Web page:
Michelle’s Piano Honored for 25 Years of Service in the Music Products Industry at Annual Industry Gathering

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Portland business recognized for milestone of service to community, advancing music making –

Portland, OR – November, 4th, 2019 — Michelle’s Piano of Portland, OR is being recognized in Anaheim, California at The 2020 NAMM Show for the company’s 25 years of service to the music products industry. Presented annually, the National Association of Music Merchants (NAMM) recognizes music businesses that have flourished through changing business environments to reach a noteworthy anniversary.

We’re honored to receive this special recognition” said Lotof Shatout, owner of Michelle’s Piano in Portland, Oregon.

On behalf of all NAMM member companies, it is truly an honor to recognize Michelle’s Piano for their 25 years in service to both the music products industry and to their community,” noted Lamond. “Michelle’s Piano has demonstrated the perseverance and passion to stand the test of time, inspire countless others and create a more musical world for the benefit of all.”

The Milestone Awards are presented annually to industry leaders celebrating notable anniversaries during The NAMM Show, held during the month of January in Anaheim, California. The NAMM Show brings together over 115,000 industry professionals to preview the latest gear, attend educational sessions, and network with peers from more than 139 countries and regions.

Michelle’s Piano is a leader in piano service and support in the Pacific Northwest. Check out their web site at www.michellespiano.com or call them at 503-295-1180


About NAMM

The National Association of Music Merchants (NAMM) is the not-for-profit association with a mission to strengthen the $17 billion music products industry. NAMM is comprised of approximately 10,000 members located in 104 countries and regions. NAMM events and members fund The NAMM Foundation’s efforts to promote the pleasures and benefits of music, and advance active participation in music making across the lifespan. For more information about NAMM, visit www.namm.org, call 800.767.NAMM (6266) or follow the organization on Facebook, Instagram and Twitter.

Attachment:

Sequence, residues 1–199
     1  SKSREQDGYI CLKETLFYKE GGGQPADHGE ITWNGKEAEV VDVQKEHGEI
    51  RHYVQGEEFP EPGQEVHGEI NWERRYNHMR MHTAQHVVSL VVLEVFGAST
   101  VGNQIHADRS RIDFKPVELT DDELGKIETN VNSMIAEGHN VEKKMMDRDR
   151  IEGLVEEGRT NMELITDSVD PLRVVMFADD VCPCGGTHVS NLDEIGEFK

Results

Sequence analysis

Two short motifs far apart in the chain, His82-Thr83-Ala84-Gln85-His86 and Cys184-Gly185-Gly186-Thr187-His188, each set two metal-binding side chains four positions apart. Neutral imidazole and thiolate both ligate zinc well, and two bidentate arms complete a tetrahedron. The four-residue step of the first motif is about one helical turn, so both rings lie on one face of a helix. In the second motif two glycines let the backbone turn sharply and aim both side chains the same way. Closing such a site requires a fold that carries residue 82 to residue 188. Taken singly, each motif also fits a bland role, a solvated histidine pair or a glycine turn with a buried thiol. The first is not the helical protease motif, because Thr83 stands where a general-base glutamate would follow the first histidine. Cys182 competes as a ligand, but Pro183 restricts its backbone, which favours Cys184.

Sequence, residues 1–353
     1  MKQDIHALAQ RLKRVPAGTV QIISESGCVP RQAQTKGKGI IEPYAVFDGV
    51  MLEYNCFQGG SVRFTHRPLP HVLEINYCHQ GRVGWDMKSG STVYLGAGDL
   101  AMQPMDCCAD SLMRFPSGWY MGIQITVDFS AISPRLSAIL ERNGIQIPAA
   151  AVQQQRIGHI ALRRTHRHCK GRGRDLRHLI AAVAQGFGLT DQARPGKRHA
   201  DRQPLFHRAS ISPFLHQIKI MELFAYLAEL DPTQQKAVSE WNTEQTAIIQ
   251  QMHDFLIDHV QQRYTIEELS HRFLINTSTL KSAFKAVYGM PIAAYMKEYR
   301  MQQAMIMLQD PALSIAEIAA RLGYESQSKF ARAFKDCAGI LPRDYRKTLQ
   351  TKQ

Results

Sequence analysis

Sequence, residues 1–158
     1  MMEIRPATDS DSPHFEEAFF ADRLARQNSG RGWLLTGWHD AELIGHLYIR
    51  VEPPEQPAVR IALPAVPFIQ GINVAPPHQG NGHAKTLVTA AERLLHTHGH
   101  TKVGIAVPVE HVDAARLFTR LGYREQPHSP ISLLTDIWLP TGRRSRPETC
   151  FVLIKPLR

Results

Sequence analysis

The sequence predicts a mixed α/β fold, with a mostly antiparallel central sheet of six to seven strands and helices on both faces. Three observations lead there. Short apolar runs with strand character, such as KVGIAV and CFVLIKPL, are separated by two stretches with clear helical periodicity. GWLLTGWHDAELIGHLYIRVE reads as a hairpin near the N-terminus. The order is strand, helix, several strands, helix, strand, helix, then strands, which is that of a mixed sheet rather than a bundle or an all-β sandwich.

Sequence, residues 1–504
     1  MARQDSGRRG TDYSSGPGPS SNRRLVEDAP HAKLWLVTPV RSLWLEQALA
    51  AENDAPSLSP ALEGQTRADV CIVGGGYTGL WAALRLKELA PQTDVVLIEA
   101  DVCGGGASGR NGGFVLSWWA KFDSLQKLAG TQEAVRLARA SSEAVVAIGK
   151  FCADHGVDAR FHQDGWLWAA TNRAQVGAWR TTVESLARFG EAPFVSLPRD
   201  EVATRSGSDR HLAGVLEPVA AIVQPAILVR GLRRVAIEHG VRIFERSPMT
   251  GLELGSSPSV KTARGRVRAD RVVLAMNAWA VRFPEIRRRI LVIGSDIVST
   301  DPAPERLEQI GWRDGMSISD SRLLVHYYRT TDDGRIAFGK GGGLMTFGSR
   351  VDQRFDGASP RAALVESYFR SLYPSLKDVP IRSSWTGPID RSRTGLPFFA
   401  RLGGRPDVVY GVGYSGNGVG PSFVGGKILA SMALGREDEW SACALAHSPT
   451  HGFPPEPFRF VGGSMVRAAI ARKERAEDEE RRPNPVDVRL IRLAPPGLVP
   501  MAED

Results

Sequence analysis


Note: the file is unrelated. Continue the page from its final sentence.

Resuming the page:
Pianist Hailey Sun

Pianist Haily SunMaking her debut at Carnegie Hall at eight, and winner of the Steinway Competition in her age category at Michelle’s Piano, Hailey Sun has already done more than most could ever dream!

Hailey began taking piano lessons at her own request when she was three years old. Since 2015, Hailey has actively participated in Period Festivals of the Oregon Music Teachers Association (OMTA), consistently receiving “Winner” rankings each time. In 2018, Hailey won second place at the American Protégé International Piano and Strings Competition and had the honor to perform at Weill Recital Hall at Carnegie Hall in New York City in May 2018. In addition, she won first place in the Steinway Competition for the Oregon/Southwest Washington State region in Division I Category. Her current teachers are Dr. Renato Fabbro and Paula Watt. In addition to playing the piano and listening to classical music, in her spare time, Hailey loves to read, travel, swim and do arts and crafts.

Hailey’s family has also just taken ownership of a brand new Steinway Model B to further enable her to reach her artistic potential. Michelle’s is thrilled to be part of this happy event!

Carnegie Hall Preview Concert on March 3rd, 2018


“…an exceptional, gifted  young artist.”
Robert Mann, Founding Member Juilliard String Quartet

A pianist of extraordinary sensitivity, intelligence, and breadth of dramatic expression, Jeffrey LaDeur makes his solo debut at Carnegie Hall with this recital commemorating the life and works of Claude Debussy on the centenary of his death. Inspired by Couperin and Chopin, Debussy’s Études of 1915 are the summation of the composer’s mature genius in writing for solo piano. The three composers are presented in musical dialogue, tracing the unbroken line of tradition through centuries of French music.